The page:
All Natural? An Idiot’s Guide to Food Additives
“All-natural.” “No MSG.” “No Preservatives.” Often highlighted in bold letters, these phrases scream out from every package in the grocery store. Yet the internet and media are full of dire warnings about the “hidden” health risks still contained within these cans and bags. Our modern culinary world is so permeated with additives that it can be difficult to recognize what’s what and whether you need to worry about it. In this idiot’s guide, we’ll go over the common food additives and what you need to know about them.
Ascorbic Acid: Found in all sorts of things, this preservative is considered safe (it’s actually an antioxidant and a source of Vitamin C). It also helps to supplement Vitamin C lost from processing of some products. Citric Acid is a very similar additive which lacks the Vitamin C, but has a sour flavor that can mask the bitterness of ascorbic acid, so the two are often used together.
Sodium Benzoate: This additive is often found in convenience foods and sodas, since it is fairly tasteless (mainly salty). It stops bacterial and fungal growth, which is why store-bought foods stale but don’t rot as readily as their homemade counterparts. The main danger of sodium benzoate is in its interaction with citric acid – it produces benzene, which is a carcinogen. Fortunately, the amount of sodium benzoate used in food preservation is too low to produce significant amounts of benzene.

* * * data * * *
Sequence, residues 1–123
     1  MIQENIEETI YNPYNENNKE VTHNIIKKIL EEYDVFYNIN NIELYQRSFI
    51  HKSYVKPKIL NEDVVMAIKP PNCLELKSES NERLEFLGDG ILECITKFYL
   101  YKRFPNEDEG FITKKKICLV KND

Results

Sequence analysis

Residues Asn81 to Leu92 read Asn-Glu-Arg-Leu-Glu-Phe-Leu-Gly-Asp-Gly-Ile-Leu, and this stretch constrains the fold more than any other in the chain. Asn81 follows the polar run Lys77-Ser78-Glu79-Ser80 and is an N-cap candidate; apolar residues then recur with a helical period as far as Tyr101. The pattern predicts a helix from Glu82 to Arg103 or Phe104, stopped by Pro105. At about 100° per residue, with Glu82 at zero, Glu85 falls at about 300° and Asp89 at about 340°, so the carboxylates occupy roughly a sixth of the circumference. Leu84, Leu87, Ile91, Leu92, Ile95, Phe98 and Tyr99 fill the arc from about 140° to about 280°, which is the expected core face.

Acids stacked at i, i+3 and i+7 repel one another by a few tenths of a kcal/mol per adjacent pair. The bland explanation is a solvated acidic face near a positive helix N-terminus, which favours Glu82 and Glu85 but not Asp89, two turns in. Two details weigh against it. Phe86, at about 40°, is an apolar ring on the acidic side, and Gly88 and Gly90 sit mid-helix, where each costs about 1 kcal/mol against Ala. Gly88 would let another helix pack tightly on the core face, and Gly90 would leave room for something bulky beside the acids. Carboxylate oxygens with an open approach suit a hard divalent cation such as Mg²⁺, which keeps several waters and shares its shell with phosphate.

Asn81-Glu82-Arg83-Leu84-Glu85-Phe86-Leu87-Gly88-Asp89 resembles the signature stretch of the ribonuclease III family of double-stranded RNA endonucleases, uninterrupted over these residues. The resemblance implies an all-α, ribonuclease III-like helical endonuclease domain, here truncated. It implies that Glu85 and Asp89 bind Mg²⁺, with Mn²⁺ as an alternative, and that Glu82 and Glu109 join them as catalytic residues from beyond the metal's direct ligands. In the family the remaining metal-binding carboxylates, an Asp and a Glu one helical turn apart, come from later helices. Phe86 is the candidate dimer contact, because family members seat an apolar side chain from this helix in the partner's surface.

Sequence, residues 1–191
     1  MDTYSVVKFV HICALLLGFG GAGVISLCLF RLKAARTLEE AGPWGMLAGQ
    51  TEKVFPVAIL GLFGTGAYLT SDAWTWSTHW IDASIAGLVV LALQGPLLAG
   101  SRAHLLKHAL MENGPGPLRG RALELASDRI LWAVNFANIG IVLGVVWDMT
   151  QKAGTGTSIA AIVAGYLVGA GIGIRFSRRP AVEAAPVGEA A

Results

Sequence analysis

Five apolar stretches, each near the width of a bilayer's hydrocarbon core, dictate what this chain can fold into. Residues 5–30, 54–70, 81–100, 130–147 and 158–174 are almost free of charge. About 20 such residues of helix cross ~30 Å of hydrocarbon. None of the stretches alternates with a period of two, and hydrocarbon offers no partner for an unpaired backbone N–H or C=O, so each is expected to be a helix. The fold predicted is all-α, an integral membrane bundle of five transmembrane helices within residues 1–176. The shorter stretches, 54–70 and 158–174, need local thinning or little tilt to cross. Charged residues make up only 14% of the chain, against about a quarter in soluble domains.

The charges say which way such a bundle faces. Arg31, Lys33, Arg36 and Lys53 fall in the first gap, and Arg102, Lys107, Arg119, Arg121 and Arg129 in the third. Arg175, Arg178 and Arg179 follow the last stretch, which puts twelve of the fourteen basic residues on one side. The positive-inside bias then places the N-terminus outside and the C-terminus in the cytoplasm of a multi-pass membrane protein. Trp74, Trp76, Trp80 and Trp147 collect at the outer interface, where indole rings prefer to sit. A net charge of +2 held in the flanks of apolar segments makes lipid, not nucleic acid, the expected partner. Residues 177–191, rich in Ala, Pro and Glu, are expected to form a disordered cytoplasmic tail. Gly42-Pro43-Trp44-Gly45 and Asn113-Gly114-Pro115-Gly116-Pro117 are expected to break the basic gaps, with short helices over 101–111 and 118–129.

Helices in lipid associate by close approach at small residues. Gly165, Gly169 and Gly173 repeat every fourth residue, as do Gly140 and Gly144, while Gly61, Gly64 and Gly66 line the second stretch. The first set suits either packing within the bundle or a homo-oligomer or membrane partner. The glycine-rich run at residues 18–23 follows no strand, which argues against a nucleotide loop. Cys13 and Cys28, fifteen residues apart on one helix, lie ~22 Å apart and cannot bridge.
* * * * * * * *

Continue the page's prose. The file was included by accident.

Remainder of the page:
BHA and BHT: These preservatives are used in foods that contain fats that could rancidify. Most commonly they’re found in cooking oils, snack foods, and dry cereals. BHA is rarely used in modern food chemistry due to being a probably carcinogen; BHT was invented to replace it and most evidence says it’s safe.
Sodium Nitrate/Nitrite: Found most often in meat products, nitrates and nitrites are favored because they inhibit growth of botulism-causing bacteria, as well as preventing the oxidation of iron, which can turn meat a funny color (grey or even green). Nitrates and nitrites are controversial additives; on one hand, they’ve been used for almost as long as we’ve been preserving meat (celery salt is pretty much the pre-industrial version), but recent evidence suggests that nitrites might convert to carcinogenic nitrosamines. No study has shown that this actually occurs, but many suggest limiting processed meat products (hot dogs, bacon, sausages) until further research is done. This writer personally feels like there’s a lot of correlation between quality of product and danger from nitrates being used; the cheaper the product, the more questionable/potentially hazardous the nitrates being used.